In my follow-up question to Mitt Romney at his Friday press conference, he seemed within the space of one reply to give a hyper-partisan response in one breath and a broad call for bipartisanship in the next.
Asked about how long it would take a President Romney to get major tax reform through Congress, the candidate said:
“The length of time for tax reform if I became president is dependent, in part, upon whether we elect Republicans in the Senate and the House, and by what number. And so I can’t give you a precise prediction of how long it would take to put in place a full tax reform program until we have those individuals in place…”
That seems like an extraordinary statement for a man who has criticized the incumbent for pushing through an agenda with Democratic-only votes. Romney is basically suggesting that the more members of his party win in November, the easier time he will have muscling through his kind of tax reform. It flies in the face of the notion that major tax reform, like all landmark legislation, requires a bipartisan compromise, both for passage and implementation.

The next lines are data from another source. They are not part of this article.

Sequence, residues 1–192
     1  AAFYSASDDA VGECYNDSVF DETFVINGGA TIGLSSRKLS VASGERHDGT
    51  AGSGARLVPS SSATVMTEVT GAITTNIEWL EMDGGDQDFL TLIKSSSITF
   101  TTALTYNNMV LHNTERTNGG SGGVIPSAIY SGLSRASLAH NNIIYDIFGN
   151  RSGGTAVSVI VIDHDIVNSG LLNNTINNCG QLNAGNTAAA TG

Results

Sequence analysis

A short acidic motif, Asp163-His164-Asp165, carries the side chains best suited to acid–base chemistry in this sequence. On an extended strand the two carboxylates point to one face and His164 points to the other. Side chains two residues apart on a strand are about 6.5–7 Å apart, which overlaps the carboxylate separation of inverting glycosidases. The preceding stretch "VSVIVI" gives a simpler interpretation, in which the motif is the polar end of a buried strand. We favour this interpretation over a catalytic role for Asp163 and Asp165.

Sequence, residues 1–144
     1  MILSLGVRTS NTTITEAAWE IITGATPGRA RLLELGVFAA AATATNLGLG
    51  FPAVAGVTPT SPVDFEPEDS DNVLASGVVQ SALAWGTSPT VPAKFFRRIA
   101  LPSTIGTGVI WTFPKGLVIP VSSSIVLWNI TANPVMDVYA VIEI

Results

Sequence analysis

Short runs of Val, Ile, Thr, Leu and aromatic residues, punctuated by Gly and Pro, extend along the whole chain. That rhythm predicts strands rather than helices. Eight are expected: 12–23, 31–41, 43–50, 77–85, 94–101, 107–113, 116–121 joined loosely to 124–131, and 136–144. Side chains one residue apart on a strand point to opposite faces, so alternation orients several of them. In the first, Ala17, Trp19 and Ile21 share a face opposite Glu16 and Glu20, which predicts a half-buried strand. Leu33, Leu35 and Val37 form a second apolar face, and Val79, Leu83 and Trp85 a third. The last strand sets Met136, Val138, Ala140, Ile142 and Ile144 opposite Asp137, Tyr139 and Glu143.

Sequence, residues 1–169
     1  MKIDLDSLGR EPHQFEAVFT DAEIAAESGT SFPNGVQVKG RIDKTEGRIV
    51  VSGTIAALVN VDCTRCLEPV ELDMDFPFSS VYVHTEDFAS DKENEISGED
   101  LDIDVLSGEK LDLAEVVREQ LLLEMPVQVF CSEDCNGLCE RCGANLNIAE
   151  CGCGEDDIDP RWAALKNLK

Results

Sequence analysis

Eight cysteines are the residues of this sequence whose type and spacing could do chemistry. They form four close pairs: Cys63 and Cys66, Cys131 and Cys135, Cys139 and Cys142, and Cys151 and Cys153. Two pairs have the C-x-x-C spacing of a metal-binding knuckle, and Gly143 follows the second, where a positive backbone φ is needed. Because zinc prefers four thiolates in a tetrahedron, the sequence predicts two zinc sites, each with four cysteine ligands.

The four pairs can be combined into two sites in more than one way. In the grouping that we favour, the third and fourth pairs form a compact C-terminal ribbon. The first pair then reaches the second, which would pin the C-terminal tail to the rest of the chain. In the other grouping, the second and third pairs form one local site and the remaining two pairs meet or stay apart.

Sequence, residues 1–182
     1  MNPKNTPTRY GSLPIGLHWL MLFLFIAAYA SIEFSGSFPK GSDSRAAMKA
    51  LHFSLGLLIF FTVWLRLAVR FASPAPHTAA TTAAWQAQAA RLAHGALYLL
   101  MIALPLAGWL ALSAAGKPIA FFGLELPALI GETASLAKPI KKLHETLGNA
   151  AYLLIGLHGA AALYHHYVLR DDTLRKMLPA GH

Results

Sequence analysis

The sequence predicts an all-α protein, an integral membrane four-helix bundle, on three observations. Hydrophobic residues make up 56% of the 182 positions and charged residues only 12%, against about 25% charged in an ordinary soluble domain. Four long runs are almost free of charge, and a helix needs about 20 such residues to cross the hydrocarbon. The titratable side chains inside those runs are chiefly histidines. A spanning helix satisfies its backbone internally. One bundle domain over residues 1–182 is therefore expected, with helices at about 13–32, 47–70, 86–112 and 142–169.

But then Romney went on to say the President blew it on these issues by not being bipartisan enough at a critical moment:
“I can tell you I think one of the great opportunities for our nation was proposed when the President’s tax commission, the President’s commission — budget commission — came back, and I’m talking about Simpson-Bowles. Erskine Bowles, former chief of staff to President Clinton, they worked together on a bipartisan series of recommendations. Why the President did not seize upon that? If he thought some aspects of it needed to be adjusted, make some adjustments if he wanted to. Take it to Congress. But instead, it just died. This — we need to have presidential leadership. We haven’t had presidential leadership on budget matters.”
You can watch the whole exchange here:
So there you have it: Barack Obama failed by not seizing the bipartisan moment to do tax reform — and Mitt Romney hopes he sees enough Republicans elected in November that he doesn’t even have to consider doing tax reform in a bipartisan way.